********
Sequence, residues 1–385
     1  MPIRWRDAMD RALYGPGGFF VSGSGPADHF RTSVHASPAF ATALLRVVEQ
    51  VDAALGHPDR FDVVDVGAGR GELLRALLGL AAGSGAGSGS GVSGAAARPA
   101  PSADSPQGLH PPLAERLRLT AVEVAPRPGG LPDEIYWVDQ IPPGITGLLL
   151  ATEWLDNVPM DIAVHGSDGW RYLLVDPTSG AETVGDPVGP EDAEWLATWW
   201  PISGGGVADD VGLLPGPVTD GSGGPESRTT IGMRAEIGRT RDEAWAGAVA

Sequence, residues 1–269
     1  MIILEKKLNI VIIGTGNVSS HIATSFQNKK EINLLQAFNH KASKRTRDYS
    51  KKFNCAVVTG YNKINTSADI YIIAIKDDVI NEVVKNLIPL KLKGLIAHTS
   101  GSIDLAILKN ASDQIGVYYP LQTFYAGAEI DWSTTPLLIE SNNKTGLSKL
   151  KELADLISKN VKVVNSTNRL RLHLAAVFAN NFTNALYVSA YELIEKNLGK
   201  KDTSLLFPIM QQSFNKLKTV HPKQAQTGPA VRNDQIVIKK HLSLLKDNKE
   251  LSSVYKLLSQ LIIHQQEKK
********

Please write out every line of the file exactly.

Sequence, residues 1–385
     1  MPIRWRDAMD RALYGPGGFF VSGSGPADHF RTSVHASPAF ATALLRVVEQ
    51  VDAALGHPDR FDVVDVGAGR GELLRALLGL AAGSGAGSGS GVSGAAARPA
   101  PSADSPQGLH PPLAERLRLT AVEVAPRPGG LPDEIYWVDQ IPPGITGLLL
   151  ATEWLDNVPM DIAVHGSDGW RYLLVDPTSG AETVGDPVGP EDAEWLATWW
   201  PISGGGVADD VGLLPGPVTD GSGGPESRTT IGMRAEIGRT RDEAWAGAVA

Sequence, residues 1–269
     1  MIILEKKLNI VIIGTGNVSS HIATSFQNKK EINLLQAFNH KASKRTRDYS
    51  KKFNCAVVTG YNKINTSADI YIIAIKDDVI NEVVKNLIPL KLKGLIAHTS
   101  GSIDLAILKN ASDQIGVYYP LQTFYAGAEI DWSTTPLLIE SNNKTGLSKL
   151  KELADLISKN VKVVNSTNRL RLHLAAVFAN NFTNALYVSA YELIEKNLGK
   201  KDTSLLFPIM QQSFNKLKTV HPKQAQTGPA VRNDQIVIKK HLSLLKDNKE
   251  LSSVYKLLSQ LIIHQQEKK